DTU Relay 2018 - ASC was represented with two teams

Mg-based battery technologies are one of the most promising alternatives to replace Li-ion batteries in the near future.

The ASC section trying out curling.

EU FET Open project SALBAGE: Sulfur-Aluminum Battery with Advanced Polymeric Gel Electrolytes

Minister of Higher Education and Science Tommy Ahlers visits ASC to hear about accelerated discovery of clean energy materials.


AiMade – A new initiative on Autonomous Materials Discovery at DTU Energy

Contact Head of Section

Tejs Vegge
Professor, Head of Section
DTU Energy
+45 45 25 82 01

Contact Section Secretary

Karina Ulvskov Frederiksen
Section Secretary (Secretariat)
DTU Energy
+45 45 25 82 02

Research focus

The scientific focus in Section for Atomic Scale Materials Modelling (ASC) is centered on computational design and characterization of materials for energy conversion and storage, based on a detailed atomic-scale understanding of their structure and kinetics. An essential aspect of our work is the development and application of novel computational approaches, which are linked closely to experimental in situ structural and electrochemical characterization.

The two main research areas in ASC are Next-generation battery materials and Electrocatalystic reactions and materials, but the section has several other activities, including Solid-state storage of gas-phase energy carriers, Solar cells and photocatalysis, and Resistive switching memories. Common for the different research areas is a shared computational framework based on Computational screening and prediction of composition/structure and Ionic and electronic transport mechanisms.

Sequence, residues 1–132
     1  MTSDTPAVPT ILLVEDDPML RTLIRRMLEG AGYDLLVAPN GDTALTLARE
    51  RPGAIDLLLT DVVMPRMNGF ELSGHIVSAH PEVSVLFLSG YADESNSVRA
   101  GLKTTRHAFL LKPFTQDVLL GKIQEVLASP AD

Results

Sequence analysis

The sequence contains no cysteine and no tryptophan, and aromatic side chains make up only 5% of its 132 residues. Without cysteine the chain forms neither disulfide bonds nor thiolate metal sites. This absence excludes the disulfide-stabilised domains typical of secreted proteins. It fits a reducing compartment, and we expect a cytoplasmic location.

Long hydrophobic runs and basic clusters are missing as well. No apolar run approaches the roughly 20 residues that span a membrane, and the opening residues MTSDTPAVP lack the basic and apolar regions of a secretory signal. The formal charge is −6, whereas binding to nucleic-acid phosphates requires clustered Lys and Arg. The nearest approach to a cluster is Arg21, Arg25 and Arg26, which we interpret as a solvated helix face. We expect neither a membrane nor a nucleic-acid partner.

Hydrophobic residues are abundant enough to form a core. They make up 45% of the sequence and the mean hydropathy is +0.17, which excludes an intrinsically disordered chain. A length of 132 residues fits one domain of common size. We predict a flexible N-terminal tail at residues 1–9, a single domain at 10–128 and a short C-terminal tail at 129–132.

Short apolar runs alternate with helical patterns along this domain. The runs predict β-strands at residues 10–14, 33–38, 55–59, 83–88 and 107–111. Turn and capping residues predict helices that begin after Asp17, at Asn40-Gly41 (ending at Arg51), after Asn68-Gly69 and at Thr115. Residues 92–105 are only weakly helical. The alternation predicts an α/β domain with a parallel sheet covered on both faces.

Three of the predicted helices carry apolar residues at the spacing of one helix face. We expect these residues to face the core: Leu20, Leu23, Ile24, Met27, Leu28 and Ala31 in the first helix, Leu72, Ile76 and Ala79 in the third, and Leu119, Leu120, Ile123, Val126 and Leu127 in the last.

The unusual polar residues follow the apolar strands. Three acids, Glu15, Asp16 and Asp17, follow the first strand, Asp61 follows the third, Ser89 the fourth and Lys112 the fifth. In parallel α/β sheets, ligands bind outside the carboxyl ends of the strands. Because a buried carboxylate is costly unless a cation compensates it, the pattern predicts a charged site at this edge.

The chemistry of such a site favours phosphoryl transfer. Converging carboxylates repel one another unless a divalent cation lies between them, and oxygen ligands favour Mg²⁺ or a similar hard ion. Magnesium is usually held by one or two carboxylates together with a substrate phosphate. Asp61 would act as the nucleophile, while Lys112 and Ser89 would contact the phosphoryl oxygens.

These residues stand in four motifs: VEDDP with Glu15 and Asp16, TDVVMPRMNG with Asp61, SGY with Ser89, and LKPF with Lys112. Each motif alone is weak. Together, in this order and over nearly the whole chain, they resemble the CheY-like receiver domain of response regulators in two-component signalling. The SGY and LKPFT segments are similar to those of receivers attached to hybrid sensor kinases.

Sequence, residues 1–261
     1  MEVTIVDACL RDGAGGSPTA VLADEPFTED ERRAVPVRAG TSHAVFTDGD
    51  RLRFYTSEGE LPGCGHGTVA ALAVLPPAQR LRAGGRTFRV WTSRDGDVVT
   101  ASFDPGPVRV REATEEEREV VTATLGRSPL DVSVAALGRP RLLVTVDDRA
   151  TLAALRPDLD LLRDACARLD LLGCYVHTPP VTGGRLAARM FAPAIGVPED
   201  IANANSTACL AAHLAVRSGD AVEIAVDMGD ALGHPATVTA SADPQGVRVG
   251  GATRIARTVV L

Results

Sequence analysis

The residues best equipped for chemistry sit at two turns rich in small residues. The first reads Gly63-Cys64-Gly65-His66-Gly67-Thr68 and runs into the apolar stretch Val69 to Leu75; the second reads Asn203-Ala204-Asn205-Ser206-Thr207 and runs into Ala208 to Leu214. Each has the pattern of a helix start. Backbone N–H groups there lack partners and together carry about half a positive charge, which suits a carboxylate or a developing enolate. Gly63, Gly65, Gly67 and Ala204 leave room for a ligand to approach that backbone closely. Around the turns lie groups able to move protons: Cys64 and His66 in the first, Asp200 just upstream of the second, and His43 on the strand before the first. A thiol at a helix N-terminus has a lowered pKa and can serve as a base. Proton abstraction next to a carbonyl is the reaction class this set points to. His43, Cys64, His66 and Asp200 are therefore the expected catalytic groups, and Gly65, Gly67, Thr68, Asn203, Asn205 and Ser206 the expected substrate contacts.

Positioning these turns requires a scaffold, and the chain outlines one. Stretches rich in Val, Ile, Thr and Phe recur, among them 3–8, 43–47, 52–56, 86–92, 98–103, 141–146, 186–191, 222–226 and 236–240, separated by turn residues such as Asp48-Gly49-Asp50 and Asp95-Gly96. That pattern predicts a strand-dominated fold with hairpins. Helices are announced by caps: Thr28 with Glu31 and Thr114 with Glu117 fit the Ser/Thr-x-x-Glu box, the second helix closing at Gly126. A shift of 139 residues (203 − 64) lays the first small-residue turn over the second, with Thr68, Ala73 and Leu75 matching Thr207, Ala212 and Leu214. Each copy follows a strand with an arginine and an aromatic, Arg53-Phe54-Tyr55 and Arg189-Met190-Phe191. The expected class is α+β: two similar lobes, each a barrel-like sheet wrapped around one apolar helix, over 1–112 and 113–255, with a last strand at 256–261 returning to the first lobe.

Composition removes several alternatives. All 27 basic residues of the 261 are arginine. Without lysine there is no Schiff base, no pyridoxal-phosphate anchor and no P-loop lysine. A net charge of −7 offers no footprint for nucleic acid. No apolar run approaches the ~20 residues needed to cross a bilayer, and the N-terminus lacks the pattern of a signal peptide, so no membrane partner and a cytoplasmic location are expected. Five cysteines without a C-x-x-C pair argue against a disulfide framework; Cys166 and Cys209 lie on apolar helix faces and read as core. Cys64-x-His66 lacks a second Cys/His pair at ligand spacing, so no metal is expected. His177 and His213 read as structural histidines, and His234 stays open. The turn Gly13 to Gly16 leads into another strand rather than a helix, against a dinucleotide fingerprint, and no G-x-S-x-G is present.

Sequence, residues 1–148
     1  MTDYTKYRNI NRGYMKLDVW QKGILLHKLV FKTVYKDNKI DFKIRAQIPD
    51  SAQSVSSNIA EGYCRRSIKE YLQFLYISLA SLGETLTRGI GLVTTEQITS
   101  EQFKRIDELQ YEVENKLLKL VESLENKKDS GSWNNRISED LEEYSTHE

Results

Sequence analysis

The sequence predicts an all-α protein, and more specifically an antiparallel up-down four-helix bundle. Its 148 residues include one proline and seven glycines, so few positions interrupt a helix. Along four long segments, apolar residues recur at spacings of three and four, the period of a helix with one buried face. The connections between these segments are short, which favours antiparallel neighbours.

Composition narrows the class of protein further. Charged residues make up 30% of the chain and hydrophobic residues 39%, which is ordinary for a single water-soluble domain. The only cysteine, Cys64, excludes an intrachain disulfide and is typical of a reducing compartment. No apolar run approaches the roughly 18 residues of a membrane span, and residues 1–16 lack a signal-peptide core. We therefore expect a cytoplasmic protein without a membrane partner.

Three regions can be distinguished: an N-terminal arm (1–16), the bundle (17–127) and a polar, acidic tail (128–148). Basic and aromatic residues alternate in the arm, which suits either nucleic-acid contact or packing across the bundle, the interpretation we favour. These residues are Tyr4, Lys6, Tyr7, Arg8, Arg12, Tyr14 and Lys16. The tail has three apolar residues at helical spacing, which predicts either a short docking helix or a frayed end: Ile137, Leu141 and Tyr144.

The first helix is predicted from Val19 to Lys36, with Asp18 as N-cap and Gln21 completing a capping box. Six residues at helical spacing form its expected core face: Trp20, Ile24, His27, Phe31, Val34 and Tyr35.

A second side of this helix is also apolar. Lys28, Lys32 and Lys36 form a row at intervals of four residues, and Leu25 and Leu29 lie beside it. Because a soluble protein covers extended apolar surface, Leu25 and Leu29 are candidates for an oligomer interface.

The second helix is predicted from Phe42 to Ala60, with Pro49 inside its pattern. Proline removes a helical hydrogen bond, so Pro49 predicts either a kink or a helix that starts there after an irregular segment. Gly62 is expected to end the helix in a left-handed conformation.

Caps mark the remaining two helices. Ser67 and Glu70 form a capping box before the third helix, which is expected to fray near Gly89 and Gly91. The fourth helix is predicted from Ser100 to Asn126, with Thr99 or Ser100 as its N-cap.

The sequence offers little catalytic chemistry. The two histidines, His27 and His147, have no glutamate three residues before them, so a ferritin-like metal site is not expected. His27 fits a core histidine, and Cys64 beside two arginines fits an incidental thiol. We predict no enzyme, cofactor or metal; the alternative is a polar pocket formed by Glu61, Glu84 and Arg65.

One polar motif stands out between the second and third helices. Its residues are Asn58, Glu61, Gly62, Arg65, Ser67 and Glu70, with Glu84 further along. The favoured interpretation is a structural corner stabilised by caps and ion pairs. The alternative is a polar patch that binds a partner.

Charge Transfer in Molecular Materials


Zhu T., Van Voorhis T., de Silva Piotr, Andreoni W., Yip S. (eds) Handbook of Materials Modeling. Springer, Cham, pp 1-31

Read the paper here.

A host of devices exploits charge transfer characteristics of the underlying materials. Here, we present a concise review of the principles of charge transfer in molecular materials. After a brief summary of the key concepts of Marcus theory, we discuss the key molecular and material properties that influence charge transfer and how they can be accounted for. Using organic PV and LED materials as a case study, we illustrate how these concepts can be used to better understand the microscopic properties that underpin device function in real devices.


QM/MM Study of Static and Dynamic Energetic Disorder in the Emission Layer of an Organic Light-Emitting Diode


Piotr de Silva and Troy Van Voorhis, The Journal of Physical Chemistry Letters 2018 9 (6), pp1329-1334

Read the paper here
Static and dynamic energetic disorder in emission layers of OLEDs is investigated through combined MD and QM/MM calculations. While the dynamic disorder is not affected by intermolecular interactions, the static disorder for both is determined by the polarity of host molecules. The amount of static disorder affects charge-transport properties and exciton formation pathways, which consequently influence the overall efficiency of an OLED device. The simulations indicate that the amount of static disorder induced by the host should be considered for the optimization of the emission layer.
OH formation and H2 adsorption at the liquid water–Pt(111) interface

Henrik H. Kristoffersen, Tejs Vegge, Heine Anton Hansen, Chemical Science 2018, DOI: 10.1039/c8sc02495b

Read the paper here (open access)

We use constant temperature ab initio molecular dynamics to study the structure and dynamics of water at the Pt(111) surface with H and OH adsorbates, because these adsorbates are important for the hydrogen oxidation and oxygen reduction reaction in fuel cells. We find the structure and energetics of OH in liquid water to be significantly different OH in static ice layers and identify 5/12 monolayer of OH as particularly stable. 5/12 ML OH has contiguous free Pt sites, which might be active during catalysis.

Kaspar Holst-Olesen, Mateusz Reda, Heine A. Hansen, Tejs Vegge and Matthias Arenz, ACS Catal., 2018,8 (8), pp 7104–7112


Read the paper here.

Non-precious-metal catalysts are promising alternatives to platinum-based catalysts for the oxygen reduction reaction (ORR). In this paper, we focus on an iron–nitrogen–carbon (Fe/N/C) catalyst and investigate how these different types of catalysts behave toward selective anion poisoning. We find that the ORR on the Fe/N/C catalyst is less affected by anion poisoning than platinum. Surprisingly, it is seen that phosphoric acid not only does not poison the Fe/N/C catalyst, but instead promotes the ORR - in sharp contrast to the poisoning effect observed on platinum.